President Barack Obama speaks at Pellissippi State Community College Friday, Jan. 9, 2015, in Knoxville, Tenn. Obama is promoting a plan to make publicly funded community college available to all students. (AP Photo/Mark Humphrey)
KNOXVILLE, Tenn. (AP) — President Barack Obama on Friday proposed to bring the cost of two years of community college "down to zero" for all Americans, an ambitious nationwide plan based on a popular Tennessee program signed into law by that state's Republican governor.
However, the idea and its $60 billion federal price tag over 10 years would have to make the grade with a Republican Congress that is showing little appetite for big new spending programs. Obama, who plans to push the issue in his Jan. 20 State of the Union address, argued that providing educational opportunity and creating a more skilled U.S. workforce shouldn't be a partisan issue.
"Community college should be free for those willing to work for it because, in America, a quality education should not be a privilege that is reserved for a few," he said in a speech at Pellissippi State Community College. He said a high school diploma is no longer enough for American workers to compete in the global economy and that a college degree is "the surest ticket to the middle class."
The White House estimated that 9 million students could eventually participate and save an average of $3,800 in tuition per year if they attend fulltime. Students would qualify if they attend at least halftime, maintain a 2.5 grade point average and make progress toward completing a degree or certificate program. Participating schools would have to meet certain academic requirements.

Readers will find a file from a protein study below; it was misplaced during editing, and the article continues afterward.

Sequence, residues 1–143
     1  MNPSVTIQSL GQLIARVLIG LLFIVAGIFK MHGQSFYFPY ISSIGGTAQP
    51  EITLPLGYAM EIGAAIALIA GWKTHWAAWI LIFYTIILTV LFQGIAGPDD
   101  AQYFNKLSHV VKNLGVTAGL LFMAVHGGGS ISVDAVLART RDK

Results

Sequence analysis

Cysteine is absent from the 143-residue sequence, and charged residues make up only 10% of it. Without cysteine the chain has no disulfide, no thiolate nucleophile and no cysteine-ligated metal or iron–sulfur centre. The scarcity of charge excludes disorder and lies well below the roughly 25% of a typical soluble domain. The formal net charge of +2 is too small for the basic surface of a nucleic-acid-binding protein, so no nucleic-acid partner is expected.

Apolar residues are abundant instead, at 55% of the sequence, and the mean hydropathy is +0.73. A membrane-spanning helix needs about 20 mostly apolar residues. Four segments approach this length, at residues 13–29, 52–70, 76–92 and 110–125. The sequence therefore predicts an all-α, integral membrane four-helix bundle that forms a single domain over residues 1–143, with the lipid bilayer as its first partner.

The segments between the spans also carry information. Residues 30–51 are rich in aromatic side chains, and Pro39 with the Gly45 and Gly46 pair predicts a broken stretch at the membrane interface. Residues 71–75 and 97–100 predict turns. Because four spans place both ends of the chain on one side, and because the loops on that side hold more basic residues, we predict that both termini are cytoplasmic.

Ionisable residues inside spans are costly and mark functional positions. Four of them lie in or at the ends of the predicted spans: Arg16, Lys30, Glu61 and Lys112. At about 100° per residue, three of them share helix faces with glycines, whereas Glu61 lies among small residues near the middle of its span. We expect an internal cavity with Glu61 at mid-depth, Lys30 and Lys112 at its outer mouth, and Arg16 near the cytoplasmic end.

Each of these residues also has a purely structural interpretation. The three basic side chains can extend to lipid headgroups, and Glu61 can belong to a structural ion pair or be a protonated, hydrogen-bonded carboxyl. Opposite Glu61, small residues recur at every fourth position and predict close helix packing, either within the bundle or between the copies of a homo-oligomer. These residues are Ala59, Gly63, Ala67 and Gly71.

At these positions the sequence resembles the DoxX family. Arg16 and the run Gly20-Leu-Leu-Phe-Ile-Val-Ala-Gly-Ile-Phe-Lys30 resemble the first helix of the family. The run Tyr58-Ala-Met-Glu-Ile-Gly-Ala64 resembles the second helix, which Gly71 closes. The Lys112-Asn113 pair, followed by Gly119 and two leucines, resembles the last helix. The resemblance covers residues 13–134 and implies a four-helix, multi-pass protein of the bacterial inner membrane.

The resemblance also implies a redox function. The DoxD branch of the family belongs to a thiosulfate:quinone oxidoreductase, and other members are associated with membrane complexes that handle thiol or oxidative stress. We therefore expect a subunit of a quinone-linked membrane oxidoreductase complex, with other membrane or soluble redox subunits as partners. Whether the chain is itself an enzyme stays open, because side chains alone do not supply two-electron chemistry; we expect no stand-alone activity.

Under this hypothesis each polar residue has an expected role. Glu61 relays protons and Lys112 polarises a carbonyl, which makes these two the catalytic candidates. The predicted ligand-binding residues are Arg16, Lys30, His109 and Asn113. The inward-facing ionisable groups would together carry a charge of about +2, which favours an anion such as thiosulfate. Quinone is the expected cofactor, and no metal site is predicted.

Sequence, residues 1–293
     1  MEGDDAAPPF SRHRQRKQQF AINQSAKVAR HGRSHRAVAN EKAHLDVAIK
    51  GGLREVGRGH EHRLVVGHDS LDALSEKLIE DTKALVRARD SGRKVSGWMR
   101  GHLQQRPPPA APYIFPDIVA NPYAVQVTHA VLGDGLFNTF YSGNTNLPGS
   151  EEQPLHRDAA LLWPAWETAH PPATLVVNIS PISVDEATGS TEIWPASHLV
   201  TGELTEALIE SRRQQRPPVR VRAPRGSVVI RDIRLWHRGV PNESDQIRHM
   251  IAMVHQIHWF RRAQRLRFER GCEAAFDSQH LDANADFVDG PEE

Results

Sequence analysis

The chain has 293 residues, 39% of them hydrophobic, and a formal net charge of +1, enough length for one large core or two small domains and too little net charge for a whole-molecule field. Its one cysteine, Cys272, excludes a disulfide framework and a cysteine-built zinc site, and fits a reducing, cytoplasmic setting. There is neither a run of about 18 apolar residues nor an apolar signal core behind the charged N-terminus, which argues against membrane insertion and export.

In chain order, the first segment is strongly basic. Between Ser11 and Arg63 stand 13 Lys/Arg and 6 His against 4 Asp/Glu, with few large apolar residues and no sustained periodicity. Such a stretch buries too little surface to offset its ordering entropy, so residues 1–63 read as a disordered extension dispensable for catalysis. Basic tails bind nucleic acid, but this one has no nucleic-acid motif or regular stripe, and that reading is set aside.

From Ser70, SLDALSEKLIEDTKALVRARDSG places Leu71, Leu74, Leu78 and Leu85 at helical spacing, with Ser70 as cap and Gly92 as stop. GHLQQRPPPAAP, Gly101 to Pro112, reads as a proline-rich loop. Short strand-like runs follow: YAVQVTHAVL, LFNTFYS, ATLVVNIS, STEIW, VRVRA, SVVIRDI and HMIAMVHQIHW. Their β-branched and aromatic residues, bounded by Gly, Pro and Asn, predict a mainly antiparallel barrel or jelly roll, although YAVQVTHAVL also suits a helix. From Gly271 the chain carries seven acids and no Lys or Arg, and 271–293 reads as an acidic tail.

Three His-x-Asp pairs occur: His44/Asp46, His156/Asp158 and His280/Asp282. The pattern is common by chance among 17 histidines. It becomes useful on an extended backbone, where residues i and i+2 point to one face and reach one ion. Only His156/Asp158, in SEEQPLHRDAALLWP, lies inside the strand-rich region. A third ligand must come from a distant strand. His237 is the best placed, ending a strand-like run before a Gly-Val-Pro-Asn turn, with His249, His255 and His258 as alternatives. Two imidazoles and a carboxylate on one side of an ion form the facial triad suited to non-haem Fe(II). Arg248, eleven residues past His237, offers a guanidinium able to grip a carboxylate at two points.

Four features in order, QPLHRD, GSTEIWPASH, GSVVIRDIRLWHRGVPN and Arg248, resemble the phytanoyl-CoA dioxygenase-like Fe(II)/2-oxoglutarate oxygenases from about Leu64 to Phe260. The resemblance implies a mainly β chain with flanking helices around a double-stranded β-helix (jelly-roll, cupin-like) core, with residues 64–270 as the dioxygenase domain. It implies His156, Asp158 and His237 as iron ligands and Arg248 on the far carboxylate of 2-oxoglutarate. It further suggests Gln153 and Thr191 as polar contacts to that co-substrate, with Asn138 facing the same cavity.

At North Lake College, part of the Dallas County Community College system, student Courtney Banks said such a program would help her and also allow others to enroll in classes.
"Other people, other young adults would be willing to get into school because it wouldn't be so far out of reach," she said. She added she's still trying to pay back loans from a previous school. "It costs a lot of money," she said.
The White House said the federal government would pick up 75 percent of the cost and the final quarter would come from states that opt into the program — a cost of $20 billion over 10 years. Spokesman Eric Schultz saidObama will propose new programs to pay for the federal portion in his budget next month.
Obama is calling the idea America's College Promise, modeled after Tennessee Promise, which Republican Gov. Bill Haslam signed into law last year to provide free community and technical college tuition for two years. It has drawn 58,000 applicants, almost 90 percent of the state's high school seniors. Chicago Mayor Rahm Emanuel, Obama's former White House chief of staff, has a similar program for students in his city.
"If a state with Republican leadership is doing this and a city with Democratic leadership is doing this, how about we all do it," Obama said.
Obama brought Tennessee's two Republican senators, Bob Corker and Lamar Alexander, with him on Air Force One for the event. But both said they thought states, not the federal government, should follow Tennessee's lead.
"Creating a federal program to me is not the way to get good things to happen in education," Corker told reporters from his seat in the third row of the speech. "You're always better off letting states mimic each other."
Alexander, a former education secretary who is set to take over the Senate committee that oversees education, said Washington's role should be to reduce paperwork for student aid applications. Obama said he agrees and wants to see that happen this year.
Obama also was joined on the trip by Vice President Joe Biden and his wife, Jill Biden, who drew applause when she told the audience she's been teaching English at community college for 20 years and still does as second lady. "This is the moment for community colleges to shine," she said.
The president and vice president also were visiting a manufacturing facility, Techmer PM in Clinton, Tennessee, to promote a second proposal to create a fund to help low-wage workers with high potential get training in growing fields such as energy, information technology and advanced manufacturing.
Education Writer Kimberly Hefling in Washington and John Mone in Irving, Texas, contributed to this story
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